The World War II German Saboteurs' Case and Writs of Certiorari before Judgment by the Court of Appeals: A Tale of Nunc Pro Tunc Jurisdiction
Bittker, Boris I., Constitutional Commentary
Professor David J. Danelski has recently published an excellent account and analysis of the trial by military commission of the eight German saboteurs who landed on the beaches of Long Island and Florida during World War II, and of Ex parte Quirin, in which the Supreme Court, after two days of oral argument at an unusual special session called by Chief Justice Stone, upheld the constitutionality of the military commission's jurisdiction.(1) Like other commentators, Professor Danelski focuses primarily on the central issue in Ex parte Quirin--the constitutional power of a military commission to try persons apprehended in the United States when the federal and state courts were open and functioning. Not surprisingly, the commentators, including Professor Danelski, have given little attention to two threshold issues that were the subject of intense inquiry during the oral argument but then faded from the forensic scene.
These preliminary issues were (1) whether the petitioners in Ex parte Quirin (the would-be saboteurs) had the right to seek any remedy in the federal courts and (2) whether the Supreme Court had jurisdiction to entertain and pass on their petitions for habeas corpus. Despite the fact that President Roosevelt's Proclamation of July 2, 1942, entitled "Denying Enemies Access to the Courts of the United States,"(2) seemed to deny the Quirin petitioners all access to the federal courts, the first issue gave the Court little trouble: both during oral arguments and in the ultimate opinion, the Court easily--but without any analysis--concluded that the petitioners could properly seek the assistance of the federal courts. The more ticklish threshold issue was whether the Supreme Court itself had jurisdiction, and it is to that question that I now turn.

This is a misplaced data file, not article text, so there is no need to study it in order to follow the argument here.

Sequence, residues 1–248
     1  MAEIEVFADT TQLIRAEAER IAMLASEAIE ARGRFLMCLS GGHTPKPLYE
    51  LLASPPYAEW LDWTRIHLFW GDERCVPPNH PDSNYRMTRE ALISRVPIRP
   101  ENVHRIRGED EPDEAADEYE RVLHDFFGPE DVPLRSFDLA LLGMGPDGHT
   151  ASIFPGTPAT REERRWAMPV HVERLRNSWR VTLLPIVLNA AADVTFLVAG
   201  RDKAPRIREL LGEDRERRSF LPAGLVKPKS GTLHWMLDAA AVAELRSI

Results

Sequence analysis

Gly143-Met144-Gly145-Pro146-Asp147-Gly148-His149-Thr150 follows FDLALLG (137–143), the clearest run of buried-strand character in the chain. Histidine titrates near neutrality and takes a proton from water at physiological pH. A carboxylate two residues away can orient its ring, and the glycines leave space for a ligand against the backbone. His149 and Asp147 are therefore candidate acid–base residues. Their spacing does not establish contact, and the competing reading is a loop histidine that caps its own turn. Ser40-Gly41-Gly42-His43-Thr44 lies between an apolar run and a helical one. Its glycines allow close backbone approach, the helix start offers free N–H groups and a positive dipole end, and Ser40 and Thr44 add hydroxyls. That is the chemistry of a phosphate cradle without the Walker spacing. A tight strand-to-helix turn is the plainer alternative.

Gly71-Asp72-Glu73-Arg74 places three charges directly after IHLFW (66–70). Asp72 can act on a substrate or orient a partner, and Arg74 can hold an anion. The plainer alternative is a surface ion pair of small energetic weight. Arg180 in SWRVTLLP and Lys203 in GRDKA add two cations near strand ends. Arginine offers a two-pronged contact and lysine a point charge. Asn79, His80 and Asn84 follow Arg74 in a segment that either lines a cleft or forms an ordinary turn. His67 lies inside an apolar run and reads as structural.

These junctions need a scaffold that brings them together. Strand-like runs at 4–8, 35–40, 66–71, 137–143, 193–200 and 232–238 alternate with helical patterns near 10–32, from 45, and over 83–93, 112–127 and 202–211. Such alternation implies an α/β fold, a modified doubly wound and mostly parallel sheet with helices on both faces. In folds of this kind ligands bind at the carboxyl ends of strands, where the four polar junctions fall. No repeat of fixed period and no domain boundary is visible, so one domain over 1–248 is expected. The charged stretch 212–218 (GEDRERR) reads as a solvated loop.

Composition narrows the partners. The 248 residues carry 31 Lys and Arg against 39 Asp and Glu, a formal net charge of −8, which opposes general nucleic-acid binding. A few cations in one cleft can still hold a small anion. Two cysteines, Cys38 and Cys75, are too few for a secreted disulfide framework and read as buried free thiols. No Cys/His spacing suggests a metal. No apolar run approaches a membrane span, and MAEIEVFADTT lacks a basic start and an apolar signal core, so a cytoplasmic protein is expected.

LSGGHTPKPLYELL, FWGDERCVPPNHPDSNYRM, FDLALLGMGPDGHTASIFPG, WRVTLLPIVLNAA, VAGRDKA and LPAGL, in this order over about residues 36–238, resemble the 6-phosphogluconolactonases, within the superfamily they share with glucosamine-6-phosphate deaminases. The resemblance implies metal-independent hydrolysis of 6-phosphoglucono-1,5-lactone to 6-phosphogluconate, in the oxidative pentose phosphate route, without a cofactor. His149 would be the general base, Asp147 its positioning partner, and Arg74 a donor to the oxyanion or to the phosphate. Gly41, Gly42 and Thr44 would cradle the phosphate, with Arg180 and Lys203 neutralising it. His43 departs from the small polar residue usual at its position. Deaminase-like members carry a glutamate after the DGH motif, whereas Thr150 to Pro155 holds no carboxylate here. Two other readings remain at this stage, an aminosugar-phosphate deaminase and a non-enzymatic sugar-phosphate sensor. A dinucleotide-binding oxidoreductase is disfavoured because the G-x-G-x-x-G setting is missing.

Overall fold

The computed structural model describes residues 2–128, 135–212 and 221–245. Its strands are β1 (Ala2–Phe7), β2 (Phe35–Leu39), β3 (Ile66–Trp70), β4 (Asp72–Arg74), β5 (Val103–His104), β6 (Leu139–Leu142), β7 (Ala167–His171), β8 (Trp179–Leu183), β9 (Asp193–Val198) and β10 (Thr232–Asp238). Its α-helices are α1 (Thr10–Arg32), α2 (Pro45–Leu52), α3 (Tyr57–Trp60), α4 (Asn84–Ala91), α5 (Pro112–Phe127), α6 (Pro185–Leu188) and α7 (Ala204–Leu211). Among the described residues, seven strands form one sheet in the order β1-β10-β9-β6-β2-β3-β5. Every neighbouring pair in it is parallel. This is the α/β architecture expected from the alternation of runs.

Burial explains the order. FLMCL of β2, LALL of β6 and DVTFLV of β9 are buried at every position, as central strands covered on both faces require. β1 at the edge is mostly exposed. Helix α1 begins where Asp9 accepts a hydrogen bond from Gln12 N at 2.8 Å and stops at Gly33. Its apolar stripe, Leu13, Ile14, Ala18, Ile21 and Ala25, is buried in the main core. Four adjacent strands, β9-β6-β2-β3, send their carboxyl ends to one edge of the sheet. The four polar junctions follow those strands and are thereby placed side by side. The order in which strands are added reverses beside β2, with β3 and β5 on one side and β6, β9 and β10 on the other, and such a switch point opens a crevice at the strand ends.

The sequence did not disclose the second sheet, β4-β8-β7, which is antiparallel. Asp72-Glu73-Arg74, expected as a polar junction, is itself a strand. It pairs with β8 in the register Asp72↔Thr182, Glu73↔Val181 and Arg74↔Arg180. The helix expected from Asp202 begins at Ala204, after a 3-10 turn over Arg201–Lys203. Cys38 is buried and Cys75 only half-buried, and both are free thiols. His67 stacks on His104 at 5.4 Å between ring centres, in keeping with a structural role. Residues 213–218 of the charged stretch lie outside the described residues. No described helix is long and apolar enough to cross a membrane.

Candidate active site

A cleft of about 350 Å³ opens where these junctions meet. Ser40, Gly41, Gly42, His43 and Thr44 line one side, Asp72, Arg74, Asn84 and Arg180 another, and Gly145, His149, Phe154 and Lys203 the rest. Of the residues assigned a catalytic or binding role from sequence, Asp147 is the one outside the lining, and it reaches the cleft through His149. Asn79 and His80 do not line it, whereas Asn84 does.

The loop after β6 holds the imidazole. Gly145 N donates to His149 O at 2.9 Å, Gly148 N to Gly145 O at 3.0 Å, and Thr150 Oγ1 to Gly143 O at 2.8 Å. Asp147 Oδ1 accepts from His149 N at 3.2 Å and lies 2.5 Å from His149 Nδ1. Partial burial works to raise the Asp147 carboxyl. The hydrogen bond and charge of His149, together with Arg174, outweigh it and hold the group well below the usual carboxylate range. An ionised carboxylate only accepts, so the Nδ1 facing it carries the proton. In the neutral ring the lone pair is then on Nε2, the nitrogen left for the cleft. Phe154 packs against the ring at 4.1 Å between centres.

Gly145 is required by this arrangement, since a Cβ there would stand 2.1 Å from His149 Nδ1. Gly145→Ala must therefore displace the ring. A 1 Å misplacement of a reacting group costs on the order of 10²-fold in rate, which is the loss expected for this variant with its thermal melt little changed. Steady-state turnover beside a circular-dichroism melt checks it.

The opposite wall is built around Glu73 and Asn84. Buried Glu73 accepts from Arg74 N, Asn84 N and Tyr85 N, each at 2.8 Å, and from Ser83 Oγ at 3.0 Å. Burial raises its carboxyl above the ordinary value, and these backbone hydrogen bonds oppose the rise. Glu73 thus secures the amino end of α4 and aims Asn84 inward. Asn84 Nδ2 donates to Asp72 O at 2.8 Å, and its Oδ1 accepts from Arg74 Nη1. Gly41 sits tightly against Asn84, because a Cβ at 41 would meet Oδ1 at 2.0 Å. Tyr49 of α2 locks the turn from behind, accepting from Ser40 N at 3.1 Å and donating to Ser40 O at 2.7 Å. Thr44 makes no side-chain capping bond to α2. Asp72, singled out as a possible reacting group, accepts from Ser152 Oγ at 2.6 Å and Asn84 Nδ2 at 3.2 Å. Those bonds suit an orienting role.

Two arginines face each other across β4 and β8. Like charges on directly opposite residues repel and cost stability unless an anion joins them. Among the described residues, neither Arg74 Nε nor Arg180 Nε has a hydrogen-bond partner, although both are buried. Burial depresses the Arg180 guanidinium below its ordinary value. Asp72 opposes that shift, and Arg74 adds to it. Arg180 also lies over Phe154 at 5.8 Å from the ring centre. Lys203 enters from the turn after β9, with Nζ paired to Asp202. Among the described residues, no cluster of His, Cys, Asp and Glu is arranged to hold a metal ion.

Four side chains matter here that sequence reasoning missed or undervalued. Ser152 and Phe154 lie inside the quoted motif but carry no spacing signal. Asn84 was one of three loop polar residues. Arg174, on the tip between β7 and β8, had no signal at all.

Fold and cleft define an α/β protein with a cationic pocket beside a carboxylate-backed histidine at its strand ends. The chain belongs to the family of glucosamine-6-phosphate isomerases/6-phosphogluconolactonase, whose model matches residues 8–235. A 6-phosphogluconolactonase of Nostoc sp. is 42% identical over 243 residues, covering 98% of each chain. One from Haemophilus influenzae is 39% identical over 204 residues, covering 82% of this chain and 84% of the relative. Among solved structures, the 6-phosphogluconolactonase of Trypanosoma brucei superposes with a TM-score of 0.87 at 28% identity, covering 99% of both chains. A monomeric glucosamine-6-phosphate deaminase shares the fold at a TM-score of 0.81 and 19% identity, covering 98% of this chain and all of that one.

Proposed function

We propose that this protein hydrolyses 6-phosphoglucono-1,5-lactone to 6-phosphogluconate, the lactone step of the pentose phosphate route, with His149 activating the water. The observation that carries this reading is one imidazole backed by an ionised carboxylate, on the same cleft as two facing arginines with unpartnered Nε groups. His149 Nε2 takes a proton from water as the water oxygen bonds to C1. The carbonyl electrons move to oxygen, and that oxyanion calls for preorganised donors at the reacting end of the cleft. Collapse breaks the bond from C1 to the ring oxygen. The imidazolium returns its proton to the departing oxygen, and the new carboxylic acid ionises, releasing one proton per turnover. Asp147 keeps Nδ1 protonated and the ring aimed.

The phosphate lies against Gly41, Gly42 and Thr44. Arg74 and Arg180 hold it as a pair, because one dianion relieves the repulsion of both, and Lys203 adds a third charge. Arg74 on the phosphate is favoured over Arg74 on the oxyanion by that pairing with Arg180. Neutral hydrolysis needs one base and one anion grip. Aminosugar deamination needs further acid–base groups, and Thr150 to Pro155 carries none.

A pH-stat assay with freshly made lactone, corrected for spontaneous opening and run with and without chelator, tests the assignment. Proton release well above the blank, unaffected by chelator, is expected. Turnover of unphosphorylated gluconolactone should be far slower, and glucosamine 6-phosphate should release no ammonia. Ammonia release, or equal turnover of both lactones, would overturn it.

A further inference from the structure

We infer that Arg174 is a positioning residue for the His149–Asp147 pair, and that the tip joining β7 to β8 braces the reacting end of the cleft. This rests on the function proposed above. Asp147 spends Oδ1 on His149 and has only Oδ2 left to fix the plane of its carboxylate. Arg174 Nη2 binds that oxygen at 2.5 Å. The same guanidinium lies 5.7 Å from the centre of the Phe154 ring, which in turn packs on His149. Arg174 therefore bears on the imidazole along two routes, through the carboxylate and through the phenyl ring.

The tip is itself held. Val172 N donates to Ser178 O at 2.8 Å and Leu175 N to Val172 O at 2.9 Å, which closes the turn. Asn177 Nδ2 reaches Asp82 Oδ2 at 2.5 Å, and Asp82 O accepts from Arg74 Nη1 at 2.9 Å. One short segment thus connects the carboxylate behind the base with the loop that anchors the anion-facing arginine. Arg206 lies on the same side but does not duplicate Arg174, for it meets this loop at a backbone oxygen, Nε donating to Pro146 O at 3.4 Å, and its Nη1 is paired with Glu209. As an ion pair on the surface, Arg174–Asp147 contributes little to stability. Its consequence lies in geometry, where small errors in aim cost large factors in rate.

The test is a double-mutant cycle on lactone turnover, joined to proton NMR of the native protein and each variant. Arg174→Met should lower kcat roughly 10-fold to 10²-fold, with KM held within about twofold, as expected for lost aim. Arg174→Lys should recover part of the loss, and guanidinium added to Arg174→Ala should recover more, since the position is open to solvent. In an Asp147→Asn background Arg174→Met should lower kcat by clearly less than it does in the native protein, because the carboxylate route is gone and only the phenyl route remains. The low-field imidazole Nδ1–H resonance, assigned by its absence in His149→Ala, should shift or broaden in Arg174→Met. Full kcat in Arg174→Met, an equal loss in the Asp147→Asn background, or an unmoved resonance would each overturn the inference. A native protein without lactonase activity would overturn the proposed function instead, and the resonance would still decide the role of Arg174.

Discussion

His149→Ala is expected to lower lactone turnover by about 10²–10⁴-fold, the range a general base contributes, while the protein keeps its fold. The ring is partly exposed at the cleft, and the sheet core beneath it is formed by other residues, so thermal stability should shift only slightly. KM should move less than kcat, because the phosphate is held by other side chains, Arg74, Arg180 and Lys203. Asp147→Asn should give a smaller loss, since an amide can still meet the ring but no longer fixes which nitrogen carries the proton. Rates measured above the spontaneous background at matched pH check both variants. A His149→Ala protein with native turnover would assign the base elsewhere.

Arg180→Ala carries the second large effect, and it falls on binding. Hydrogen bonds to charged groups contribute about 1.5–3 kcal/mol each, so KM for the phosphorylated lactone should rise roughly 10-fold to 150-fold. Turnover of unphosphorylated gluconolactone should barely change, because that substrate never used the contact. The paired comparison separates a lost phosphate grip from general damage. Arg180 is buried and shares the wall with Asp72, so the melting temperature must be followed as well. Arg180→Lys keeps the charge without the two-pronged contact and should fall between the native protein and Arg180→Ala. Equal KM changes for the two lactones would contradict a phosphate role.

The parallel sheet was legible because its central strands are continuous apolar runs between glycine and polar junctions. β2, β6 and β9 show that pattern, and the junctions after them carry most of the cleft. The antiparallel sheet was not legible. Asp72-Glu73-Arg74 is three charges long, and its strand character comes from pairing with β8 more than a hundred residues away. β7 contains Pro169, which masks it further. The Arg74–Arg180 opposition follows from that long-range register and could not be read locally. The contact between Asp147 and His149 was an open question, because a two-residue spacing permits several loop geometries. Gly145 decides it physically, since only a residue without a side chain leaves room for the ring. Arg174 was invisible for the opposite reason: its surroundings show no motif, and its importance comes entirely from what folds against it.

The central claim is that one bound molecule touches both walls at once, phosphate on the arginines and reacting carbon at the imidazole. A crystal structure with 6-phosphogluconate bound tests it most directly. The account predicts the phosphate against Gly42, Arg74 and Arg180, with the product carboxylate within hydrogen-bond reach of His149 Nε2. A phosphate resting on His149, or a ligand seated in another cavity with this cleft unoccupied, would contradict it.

THE SUPREME COURT'S JURISDICTION TO ENTERTAIN PETITIONS FOR HABEAS CORPUS
The second threshold question in Ex parte Quirin was whether the Supreme Court had jurisdiction to pass on the petitioners' applications for habeas corpus. If the Court had found it necessary to answer this question at the end of the first day of oral argument, the answer (as explained below) would have been "no." But its jurisdiction was established, retroactively so to speak, by a procedural episode that occurred between the first and second days of argument. This switch in time led Professor Robert E. Cushman, the author of the first published scholarly analysis of Ex parte Quirin, to observe that "the Court's jurisdiction caught up with the Court just at the finish line."(3)
Because I was personally involved in this race to the courthouse steps, I am shifting to the first person singular for the rest of this narrative account.(4)
I arrived in Washington in the summer of 1942, one year out of law school, to join the legal staff of the Lend-Lease Administration, whose general counsel was Oscar S. Cox. He was an energetic, resourceful, and self-assured lawyer, who had come to the attention of the White House (especially Harry Hopkins) and of Attorney General Francis Biddle as a principal draftsman of the Lend-Lease Act. His skills led quickly to his additional appointment as Assistant Solicitor General, who in those days was responsible for drafting two categories of documents: the Executive Orders by which President Roosevelt created, reshuffled, and reorganized the myriad of war-time agencies, and the Opinions of the Attorney General, which were especially important in interpreting the Second War Powers Act and other statutes affecting military procurement and other wartime activities. Mr. Cox held his Lend-Lease and Justice Department posts concurrently, and those wide responsibilities were augmented by still a third appointment, as general counsel for the Office of Emergency Management, a kind of executive holding company for the wartime operating agencies. His glittering reputation, enhanced by the reputations of his associates (including George Ball, Lloyd Cutler, Myres MacDougal, and Eugene Rostow), was a magnet for ambitious younger lawyers, especially graduates of Yale, Mr. …